Why the Fortune 500 Loves Delaware

Corporate Governance

When you think of the business epicenter of America, what place springs to mind? New York City, San Francisco, or maybe Los Angeles?

Those would be good suggestions but oddly enough, a potentially bigger case could be made for the state of Delaware. As Alana Semuels writes for The Atlantic, “Two-thirds of Fortune 500 companies—including Coca-Cola, Apple, and American Airlines—are incorporated there…Their workforces, headquarters, and operations—truly the corporations themselves in anything but a legal sense—are elsewhere.”

So why are big business leaders rushing to file their paperwork in one of the nation’s tiniest states? The short answer is Delaware’s Court of Chancery. This style of court system, which developed in colonial times, is now largely non-existent in the rest of the United States. However, Delaware’s Court of Chancery has been continuously functioning since 1792. One of five judges presides over all cases that make it to the court, and verdicts are reached without the use of a jury.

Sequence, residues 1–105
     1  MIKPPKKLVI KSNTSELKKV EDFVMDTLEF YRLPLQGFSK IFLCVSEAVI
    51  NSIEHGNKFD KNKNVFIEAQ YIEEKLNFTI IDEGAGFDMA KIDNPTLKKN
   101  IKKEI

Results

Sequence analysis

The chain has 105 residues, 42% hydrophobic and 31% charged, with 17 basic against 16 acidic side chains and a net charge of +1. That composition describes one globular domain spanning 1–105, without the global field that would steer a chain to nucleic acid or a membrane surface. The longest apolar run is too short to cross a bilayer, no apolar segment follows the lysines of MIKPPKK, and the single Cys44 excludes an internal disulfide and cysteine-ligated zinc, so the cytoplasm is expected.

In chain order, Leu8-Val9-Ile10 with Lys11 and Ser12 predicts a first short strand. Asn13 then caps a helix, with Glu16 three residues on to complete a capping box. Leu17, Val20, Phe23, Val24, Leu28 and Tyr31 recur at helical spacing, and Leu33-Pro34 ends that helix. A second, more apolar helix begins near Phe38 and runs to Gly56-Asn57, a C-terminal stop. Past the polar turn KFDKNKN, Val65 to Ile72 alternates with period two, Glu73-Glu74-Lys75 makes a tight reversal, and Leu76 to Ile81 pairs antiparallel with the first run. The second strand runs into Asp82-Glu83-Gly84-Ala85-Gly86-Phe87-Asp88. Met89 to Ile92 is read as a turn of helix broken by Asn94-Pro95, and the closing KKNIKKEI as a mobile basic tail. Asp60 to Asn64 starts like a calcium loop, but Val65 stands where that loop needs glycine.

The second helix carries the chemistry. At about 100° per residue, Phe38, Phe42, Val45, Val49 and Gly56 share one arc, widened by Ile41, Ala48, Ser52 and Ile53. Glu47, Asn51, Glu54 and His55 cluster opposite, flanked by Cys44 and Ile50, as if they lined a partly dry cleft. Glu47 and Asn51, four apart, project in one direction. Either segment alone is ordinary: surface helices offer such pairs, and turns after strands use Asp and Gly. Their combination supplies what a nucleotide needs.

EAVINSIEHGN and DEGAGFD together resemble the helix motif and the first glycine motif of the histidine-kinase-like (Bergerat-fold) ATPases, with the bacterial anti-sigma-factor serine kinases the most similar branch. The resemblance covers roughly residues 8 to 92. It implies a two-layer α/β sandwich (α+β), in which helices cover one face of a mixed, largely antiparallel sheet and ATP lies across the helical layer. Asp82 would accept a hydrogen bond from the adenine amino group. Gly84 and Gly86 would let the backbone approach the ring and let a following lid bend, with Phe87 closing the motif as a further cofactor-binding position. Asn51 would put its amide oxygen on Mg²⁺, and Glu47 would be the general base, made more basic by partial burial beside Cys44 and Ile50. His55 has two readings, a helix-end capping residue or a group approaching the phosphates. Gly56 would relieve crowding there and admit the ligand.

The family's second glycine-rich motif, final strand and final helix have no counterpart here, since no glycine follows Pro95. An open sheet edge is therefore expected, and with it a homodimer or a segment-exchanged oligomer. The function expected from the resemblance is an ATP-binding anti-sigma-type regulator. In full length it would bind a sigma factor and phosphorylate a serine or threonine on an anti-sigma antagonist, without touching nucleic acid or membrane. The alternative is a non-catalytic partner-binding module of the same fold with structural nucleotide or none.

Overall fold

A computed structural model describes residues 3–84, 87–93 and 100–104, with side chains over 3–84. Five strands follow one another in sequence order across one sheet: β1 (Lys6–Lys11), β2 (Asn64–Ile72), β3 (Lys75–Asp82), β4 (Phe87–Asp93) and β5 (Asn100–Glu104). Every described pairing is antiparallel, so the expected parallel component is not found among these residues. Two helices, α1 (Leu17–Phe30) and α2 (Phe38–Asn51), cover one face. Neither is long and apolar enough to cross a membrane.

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Recent Trends in CEO Succession

CEO succession data provides a unique glimpse into the evolving landscape of corporate leadership. By tracking trends, leaders can examine the effects of CEO succession timing, industry-specific risks, diversity initiatives, and competitor performance.

CEO succession

Each year, The Conference Board releases a report that “analyzes all CEO succession events at S&P 500 companies over the last 16 years.” Here are some highlights from their latest findings.

High turnover rates in retail and consumer product industries indicate that there is a major shift occurring.

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Exploring Types of Corporate Governance Training

Becoming a board member is a great achievement in and of itself, but becoming a successful board member poses a unique challenge—one that can be made easier through the utilization of top-notch corporate governance training.

Speaker giving a talk on corporate Business Conference. Audience at the conference hall. Business and Entrepreneurship event.

The types of corporate governance training range in both price and in duration. In this blog, we’ll highlight some of those options.

Online Courses